During Adams’s presidency, he inherited Washington’s Cabinet and didn’t make any changes. The Cabinet members, being High Federalists, increasingly started going to Hamilton for his opinions on matters. This, understandably, upset Adams, tho he never actually cleaned out his Cabinet until it was too late. Then he and Hamilton got into an ugly mess with regards to the army being built after the XYZ Affair and the Quasi-War - after making Hamilton the second-in-command, Adams began pushing for peace with France, which upset Hamilton who suspected France was just going to fake peace with America and then later use its connections via its allyship with Spain and land in North America to launch an attack. Adams got his peace (and Jefferson lucked out when France did begin sending troops to the New World) and disbanded the army. That, coupled with a lot of nasty personal remarks leveled at Hamilton made the latter issue an affair of honor against the POTUS, which Adams understandably ignored, and then that pushed Hamilton to release the infamous Adams Pamphlet.
Then the Election of 1800 happens, and since it obviously worked so well the first time, Hamilton pushed the Federalists to vote for Charles Cotesworth Pinckney and withhold enough votes from Adams to make him the VP again. Many factors ended up getting the Republicans elected (the biggest ones being the 3/5ths Clause, and Cotesworth Pinckney’s cousin Charles Pinckney straight-up bribing South Carolina electors to vote for Jefferson and Burr) but Hamilton got the blame and Adams never forgave him for his loss of a second term.
With regards to the personality conflict: Adams was an older statesmen, had been part of the Revolution since Massachusetts started the thing, and so believed he was due a degree of deference he frequently didn’t feel he was getting. He was utterly appalled by what he felt was the lack of respect he was getting from Washington’s administration, being stuck in the Senate where people wouldn’t listen to him. But then Washington’s listening to Hamilton, this young “upstart” in Adams’s view, giving him responsibilities and seeking out his counsel. This was a problem when Adams became president. Hamilton was used to having older statesmen seek out and agree with his opinions, but Adams found this aspect of Hamilton insolent. Hamilton found Adams’s snubbing of him, that he wasn’t grateful for his opinions, to be degrading.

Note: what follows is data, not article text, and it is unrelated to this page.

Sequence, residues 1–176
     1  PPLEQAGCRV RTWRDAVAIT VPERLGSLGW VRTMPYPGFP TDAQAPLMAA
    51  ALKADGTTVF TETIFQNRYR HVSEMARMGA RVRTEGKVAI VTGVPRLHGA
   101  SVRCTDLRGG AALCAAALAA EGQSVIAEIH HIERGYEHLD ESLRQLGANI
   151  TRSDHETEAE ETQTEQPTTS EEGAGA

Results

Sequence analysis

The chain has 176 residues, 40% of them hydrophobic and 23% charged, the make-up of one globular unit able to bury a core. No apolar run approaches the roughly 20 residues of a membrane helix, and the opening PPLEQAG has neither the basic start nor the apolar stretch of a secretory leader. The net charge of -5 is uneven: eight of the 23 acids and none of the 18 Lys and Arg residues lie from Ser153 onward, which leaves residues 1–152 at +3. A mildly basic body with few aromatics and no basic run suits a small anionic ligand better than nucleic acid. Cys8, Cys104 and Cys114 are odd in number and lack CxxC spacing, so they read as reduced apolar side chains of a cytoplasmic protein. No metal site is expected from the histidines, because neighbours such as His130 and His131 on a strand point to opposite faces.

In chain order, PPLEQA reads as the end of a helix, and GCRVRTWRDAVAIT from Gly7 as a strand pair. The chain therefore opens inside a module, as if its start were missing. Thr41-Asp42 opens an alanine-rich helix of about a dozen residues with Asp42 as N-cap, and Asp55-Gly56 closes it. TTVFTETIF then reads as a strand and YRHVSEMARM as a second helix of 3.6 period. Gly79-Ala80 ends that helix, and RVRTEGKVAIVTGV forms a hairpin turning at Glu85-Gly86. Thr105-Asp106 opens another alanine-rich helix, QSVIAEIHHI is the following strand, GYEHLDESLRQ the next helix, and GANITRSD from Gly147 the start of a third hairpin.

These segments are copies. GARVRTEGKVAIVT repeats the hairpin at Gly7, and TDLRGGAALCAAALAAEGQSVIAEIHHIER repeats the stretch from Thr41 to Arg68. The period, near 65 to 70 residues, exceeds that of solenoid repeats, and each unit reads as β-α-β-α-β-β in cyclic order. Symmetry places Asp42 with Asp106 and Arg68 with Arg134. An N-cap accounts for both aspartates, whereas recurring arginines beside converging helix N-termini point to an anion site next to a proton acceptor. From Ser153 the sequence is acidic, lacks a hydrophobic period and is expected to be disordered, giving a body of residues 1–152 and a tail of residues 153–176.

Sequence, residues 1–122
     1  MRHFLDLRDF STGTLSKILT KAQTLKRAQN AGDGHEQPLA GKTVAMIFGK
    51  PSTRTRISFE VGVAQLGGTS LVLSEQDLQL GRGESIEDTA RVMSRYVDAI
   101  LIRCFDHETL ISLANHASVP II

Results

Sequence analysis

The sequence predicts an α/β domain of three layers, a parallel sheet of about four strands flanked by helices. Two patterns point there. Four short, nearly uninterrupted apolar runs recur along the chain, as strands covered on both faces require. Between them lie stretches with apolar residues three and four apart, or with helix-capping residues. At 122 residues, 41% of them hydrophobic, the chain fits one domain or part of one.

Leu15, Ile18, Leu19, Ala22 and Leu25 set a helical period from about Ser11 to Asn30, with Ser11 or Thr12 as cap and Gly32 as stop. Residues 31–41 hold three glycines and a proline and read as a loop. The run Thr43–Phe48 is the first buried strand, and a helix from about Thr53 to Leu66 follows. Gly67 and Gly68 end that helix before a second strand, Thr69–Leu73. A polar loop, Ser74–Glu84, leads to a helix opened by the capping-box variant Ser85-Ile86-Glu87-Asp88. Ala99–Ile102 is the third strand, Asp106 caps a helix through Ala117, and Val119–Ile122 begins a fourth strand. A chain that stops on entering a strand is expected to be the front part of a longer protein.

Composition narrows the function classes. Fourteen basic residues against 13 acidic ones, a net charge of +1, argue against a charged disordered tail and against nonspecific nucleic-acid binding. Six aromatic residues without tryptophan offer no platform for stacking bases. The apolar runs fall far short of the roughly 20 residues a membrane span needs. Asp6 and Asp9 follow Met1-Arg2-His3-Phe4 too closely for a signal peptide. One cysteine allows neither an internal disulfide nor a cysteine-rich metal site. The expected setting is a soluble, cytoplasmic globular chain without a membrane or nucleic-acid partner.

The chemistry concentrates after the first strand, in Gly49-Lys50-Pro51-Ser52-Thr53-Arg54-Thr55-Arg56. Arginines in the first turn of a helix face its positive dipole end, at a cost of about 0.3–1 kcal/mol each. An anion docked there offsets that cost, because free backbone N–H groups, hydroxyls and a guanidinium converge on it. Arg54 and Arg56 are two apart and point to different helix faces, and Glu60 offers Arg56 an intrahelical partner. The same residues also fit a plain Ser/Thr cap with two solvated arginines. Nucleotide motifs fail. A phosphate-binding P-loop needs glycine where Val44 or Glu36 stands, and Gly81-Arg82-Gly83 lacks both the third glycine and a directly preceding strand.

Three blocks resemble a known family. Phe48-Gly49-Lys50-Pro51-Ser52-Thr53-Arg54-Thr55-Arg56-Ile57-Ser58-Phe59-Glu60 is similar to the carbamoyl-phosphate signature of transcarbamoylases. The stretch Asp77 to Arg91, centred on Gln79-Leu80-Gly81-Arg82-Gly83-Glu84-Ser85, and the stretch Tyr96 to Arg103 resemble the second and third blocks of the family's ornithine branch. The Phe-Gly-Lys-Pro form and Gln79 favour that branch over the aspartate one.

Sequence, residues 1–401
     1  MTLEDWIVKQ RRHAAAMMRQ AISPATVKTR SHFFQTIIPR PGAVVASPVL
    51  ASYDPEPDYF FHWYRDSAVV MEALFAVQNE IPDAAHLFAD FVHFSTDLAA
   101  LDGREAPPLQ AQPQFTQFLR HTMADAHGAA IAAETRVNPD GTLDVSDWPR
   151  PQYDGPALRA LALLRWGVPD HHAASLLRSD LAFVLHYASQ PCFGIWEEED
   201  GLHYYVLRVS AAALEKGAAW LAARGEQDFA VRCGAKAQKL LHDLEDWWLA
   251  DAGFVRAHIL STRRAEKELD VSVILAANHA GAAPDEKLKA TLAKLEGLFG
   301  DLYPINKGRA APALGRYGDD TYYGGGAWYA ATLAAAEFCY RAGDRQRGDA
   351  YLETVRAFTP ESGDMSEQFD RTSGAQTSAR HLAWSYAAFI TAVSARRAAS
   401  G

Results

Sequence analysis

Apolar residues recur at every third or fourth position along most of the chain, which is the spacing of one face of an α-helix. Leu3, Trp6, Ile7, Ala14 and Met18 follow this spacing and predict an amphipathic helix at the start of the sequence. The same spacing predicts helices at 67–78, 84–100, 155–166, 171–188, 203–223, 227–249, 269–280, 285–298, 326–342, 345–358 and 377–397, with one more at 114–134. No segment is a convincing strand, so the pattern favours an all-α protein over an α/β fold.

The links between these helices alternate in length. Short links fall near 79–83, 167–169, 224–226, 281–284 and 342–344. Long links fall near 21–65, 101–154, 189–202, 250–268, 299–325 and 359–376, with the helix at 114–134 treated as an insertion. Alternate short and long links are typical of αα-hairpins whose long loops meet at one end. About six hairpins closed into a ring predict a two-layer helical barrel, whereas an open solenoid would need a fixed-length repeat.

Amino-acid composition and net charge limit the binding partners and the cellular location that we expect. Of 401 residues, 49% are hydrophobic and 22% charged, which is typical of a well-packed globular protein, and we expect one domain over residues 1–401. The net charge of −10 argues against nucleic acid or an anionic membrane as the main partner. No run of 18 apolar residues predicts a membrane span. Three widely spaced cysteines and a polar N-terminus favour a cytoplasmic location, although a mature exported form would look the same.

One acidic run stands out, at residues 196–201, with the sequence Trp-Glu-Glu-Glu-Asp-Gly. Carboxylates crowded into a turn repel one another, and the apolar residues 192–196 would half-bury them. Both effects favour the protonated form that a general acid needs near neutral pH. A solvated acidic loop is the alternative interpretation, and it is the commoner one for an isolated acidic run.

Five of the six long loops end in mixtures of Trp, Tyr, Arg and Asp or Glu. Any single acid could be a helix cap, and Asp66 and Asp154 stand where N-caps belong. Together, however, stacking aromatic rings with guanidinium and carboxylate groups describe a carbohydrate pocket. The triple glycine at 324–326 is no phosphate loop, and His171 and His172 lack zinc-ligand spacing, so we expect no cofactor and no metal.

They were also both really bad at compromising when they believed themselves to be in the right opinion, they were both extraordinarily indiscreet, very vain, and both seemed to have a sort of “fuck this I’m going to blow this mother up” mentality when things got to their boiling points rather than keep level headed.
Now had they both sat down and actually got it all out with one another, I think things might have turned out for the better. But Adams always aimed his hatred of Hamilton to anyone who wasn’t Hamilton, meaning Hamilton was getting all of this info from his friends who were telling him that Adams was saying all of these terrible things about him (that he’s an agent of the British, constant snipes at his illegitimacy, etc.) that Adams would refuse to admit or source; Adams had been much the same with Benjamin Franklin. Which was a bit of a core difference: Hamilton’s hypersensitivity made him start issuing challenges when he was insulted; Adams stewed on abuse for years before confronting it via a third party (he didn’t respond to Hamilton’s pamphlet against him until nine years later, five years after Hamilton’s death when Hamilton couldn’t counter).